The EMSA (electrophoretic mobility shift assay) is used to study protein:DNA complexes and interactions. Protein:DNA complexes migrate more slowly than unbound linear DNA on a non-denaturing gel, causing a “shift.”
Also called “gel shift” or “gel retardation” assays, EMSA can be used to analyze sequence-specific recognition of nucleic acids by proteins.
Traditional, radioactive EMSA protocols can be easily adapted to near-infrared fluorescence EMSA detection by using IRDye end-labeled oligonucleotides and imaging with the Odyssey® CLx or Odyssey Classic Infrared Imaging System, providing a safe and sensitive alternative.
For more information on the EMSA workflow and a sample protocol for infrared fluorescent mobility shift assays, visit our website.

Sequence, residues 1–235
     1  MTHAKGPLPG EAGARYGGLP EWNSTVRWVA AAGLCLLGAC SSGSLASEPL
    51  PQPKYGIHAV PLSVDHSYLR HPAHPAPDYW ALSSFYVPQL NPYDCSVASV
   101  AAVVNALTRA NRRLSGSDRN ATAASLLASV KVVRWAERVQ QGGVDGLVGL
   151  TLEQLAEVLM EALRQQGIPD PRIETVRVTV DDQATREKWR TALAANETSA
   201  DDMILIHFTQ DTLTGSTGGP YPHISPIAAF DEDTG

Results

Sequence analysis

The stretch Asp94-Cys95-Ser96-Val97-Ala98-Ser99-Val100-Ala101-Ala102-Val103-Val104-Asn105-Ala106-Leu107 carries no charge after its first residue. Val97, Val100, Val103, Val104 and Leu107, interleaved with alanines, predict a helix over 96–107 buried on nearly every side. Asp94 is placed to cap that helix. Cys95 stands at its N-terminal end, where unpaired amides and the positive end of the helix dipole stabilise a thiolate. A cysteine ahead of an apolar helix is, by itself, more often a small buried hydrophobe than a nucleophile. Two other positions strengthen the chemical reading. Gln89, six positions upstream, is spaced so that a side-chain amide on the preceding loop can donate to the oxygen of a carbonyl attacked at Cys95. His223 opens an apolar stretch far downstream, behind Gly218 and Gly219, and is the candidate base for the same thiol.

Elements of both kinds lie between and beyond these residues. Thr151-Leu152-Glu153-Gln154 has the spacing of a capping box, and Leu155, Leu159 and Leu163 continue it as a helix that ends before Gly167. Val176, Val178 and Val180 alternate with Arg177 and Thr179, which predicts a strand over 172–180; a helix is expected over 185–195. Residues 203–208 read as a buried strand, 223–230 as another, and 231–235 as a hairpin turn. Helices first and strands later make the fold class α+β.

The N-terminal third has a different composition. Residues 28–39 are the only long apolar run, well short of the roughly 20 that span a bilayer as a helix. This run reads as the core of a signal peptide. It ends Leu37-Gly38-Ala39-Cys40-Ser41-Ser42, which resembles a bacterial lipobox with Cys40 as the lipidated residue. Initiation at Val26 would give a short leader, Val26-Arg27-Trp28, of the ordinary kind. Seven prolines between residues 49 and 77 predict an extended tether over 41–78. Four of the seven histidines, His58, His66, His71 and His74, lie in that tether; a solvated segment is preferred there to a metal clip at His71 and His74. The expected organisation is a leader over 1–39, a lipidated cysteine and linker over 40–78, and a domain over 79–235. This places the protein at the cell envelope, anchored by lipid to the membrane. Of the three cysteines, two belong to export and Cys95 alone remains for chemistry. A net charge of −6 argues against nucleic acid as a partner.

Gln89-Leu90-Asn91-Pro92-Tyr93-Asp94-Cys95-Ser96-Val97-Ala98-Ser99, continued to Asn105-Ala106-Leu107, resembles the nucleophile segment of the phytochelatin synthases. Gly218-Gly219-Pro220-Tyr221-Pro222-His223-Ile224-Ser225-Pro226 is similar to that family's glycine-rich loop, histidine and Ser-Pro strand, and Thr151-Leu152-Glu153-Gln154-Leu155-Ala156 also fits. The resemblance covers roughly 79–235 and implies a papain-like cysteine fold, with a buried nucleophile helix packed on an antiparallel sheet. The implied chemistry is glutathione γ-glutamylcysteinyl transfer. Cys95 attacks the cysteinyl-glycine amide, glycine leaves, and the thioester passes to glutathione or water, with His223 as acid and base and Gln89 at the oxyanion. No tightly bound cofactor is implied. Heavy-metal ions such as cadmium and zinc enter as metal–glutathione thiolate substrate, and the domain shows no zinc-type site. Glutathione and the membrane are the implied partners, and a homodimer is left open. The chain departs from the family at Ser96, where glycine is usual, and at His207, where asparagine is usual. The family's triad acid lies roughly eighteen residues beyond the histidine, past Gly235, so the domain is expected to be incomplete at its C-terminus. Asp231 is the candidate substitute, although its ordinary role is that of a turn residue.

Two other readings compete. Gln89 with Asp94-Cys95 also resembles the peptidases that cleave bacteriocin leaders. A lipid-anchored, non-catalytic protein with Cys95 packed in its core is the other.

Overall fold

Gel shift assays or electrophoretic mobility shift assays (EMSA) provide a simple method to study DNA:protein interactions. This assay is based on the principle that a DNA-protein complex will have different mobility during electrophoresis than non-bound DNA. These shifts can be visualized on a native acrylamide gel using labeled DNA to form the DNA-protein binding complex.
Do you know that you can easily adapt your existing mobility gel shift assay protocols by replacing the radiolabeled oligonucleotides with IRDye® end-labeled oligonucleotides?
And using the Odyssey CLx or Classic Infrared Imager, you can complete your EMSA in about 90 minutes – saving valuable research time.
EMSA performed with IRDye 700 AP-1 oligos. Reprinted with permission from Electrophoretic Mobility Shift Assay (EMSA) Using IRDye Oligonucleotides.
And when you are ready to image, there is no need to remove the gel from the glass plates. This makes gel handling easier and allows running the gel further, if needed, after scanning is completed. Possible deformations or tearing of the gel while separating plates are also eliminated.
For more information, refer to our Technical Note on Infrared EMSA detection.